So that the data goes where it is required to be fetch and the ALU operations occur. ALU uses data from memory and from accumulator to perform the arithmetic operation.

It always stores the result of the operation in accumulator. The ALU has accumulator, flag register and temporary register.

Accumulator The accumulator is an 8-bit register. The microprocessor uses this register to store 8-bit data. It performs arithmetical and logical operations. The microprocessor stores result of every ALU operation in the accumulator. You can identify an accumulator as register A. Flags The ALU also has five flip-flops. They becomes set or reset after an operation. The value is according to the data conditions of the result in the accumulator and other registers.

The bit positions in the flag register are in Figure below. The microprocessor uses these flags to set and to test data conditions. For example, after an addition of two numbers. If the sum in the accumulator is larger than 8-bit. Then the flip-flop indicates a carry called the carry flag CY to set to one. When an arithmetic operation like add or subtract results in zero.

Then the flip-flop called the zero Z flag is set to one. Figure shows this 8-bit flag register, adjacent to the accumulator. Format of the flag register Format of the flag register The flags are stored in the 8-bit register so that the programmer can examine these flags by accessing the register through some instructions. These flags are important in the decision-making process of the microprocessor. The conditions set or reset of the flags are check by the software instructions.

For instance, the instruction JC jump on carry runs to change the sequence of a program when CY flag is set. Proper understanding of flag is essential in writing assembly language programs. Z Zero flag: This flag indicates whether the result of a mathematical or logical operation is zero or not.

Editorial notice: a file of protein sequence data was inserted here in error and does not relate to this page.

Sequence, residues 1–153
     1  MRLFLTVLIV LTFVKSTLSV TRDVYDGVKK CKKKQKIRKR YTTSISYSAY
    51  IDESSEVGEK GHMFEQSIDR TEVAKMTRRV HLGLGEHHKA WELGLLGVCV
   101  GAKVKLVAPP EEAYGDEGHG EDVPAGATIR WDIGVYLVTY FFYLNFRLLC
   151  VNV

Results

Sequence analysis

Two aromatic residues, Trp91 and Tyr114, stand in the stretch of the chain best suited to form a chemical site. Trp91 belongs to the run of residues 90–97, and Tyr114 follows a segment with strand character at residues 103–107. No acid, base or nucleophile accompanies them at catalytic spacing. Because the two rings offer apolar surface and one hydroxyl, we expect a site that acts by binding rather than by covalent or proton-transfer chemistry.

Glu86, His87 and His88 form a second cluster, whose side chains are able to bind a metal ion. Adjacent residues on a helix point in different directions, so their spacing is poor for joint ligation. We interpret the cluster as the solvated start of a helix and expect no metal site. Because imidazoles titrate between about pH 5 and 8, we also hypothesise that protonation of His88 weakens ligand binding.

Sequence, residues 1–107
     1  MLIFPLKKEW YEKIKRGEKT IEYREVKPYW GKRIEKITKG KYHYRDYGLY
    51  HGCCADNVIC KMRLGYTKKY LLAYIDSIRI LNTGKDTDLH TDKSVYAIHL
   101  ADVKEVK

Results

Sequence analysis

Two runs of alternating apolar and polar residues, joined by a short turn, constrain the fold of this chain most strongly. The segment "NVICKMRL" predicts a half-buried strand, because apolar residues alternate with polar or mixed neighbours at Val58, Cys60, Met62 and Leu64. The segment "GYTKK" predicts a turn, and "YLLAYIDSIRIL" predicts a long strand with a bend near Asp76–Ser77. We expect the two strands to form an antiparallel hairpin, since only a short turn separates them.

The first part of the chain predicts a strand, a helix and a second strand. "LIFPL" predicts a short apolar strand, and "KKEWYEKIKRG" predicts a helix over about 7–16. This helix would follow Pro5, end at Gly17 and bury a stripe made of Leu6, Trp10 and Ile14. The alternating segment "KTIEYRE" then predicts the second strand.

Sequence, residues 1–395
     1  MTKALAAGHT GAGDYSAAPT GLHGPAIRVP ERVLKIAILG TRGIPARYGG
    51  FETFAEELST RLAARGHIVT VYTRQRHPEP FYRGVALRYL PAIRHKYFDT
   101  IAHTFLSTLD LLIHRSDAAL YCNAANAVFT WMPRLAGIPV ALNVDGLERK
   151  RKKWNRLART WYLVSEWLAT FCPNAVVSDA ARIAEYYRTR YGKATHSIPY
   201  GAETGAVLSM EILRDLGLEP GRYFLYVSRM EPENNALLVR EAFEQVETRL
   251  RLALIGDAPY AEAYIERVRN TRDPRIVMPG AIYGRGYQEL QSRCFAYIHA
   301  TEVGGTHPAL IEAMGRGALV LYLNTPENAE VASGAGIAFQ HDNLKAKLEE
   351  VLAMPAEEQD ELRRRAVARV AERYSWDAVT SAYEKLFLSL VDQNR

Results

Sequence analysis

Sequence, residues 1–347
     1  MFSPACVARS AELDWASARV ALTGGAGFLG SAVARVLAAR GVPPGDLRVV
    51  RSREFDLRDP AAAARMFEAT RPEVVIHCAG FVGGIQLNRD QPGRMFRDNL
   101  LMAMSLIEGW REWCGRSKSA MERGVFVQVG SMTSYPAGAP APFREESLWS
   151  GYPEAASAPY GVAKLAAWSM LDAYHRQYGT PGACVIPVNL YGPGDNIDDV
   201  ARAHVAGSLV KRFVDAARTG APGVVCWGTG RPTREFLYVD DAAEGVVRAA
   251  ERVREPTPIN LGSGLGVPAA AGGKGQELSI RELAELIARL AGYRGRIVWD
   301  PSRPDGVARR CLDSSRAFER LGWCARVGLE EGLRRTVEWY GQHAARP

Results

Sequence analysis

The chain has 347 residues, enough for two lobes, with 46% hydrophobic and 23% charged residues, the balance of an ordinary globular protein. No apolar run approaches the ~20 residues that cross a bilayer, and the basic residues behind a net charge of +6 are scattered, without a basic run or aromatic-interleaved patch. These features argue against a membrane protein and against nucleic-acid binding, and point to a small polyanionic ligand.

If the result of the current operation is zero, then this flag will be set or reset. CY Carry flag: The carry flag indicates whether, during an addition or subtraction operation a carry or a borrow is there or not. If carry is generated then this flag bit will be set. This flag can also be set before a mathematical operation as an extra operand to certain instruction. Auxiliary carry flag Here, a carry generates from D3, bit position and propagates to the D4 position.

This carry is called auxiliary carry. This flag is never used for setting or testing a condition. S Sign flag: This flag indicates whether the result of a mathematical operation is negative or positive. If the result is negative then sign flag will be set and if the result is positive, then this flag will reset. Actually, this bit is a replica of the D7 bit. This flag shows or indicates whether current result is of even parity 1 or of odd parity 0.


8085 Microprocessor Architecture & Working

This microprocessor exhibits some unique characteristics and this is the reason it still holds popularity among the microprocessors. Basically, was the first commercially successful microprocessor by Intel. As some of the architectural drawbacks associated with was also eliminated by The size of the data bus of is 8 bits while that of the address bus is


Microprocessor Architecture

ADD B? Add the content of register B to the content of the accumulator. All the above two examples are only one byte long. All one-byte instructions contain information regarding operands in the opcode itself. Two-byte instruction: In a two byte instruction the first byte of the instruction is its opcode and the second byte is either data or address. The first byte 06 is the opcode for MVI B and second byte 05 is the data which is to be moved to register B.


Microprocessor - 8085 Architecture


Related Articles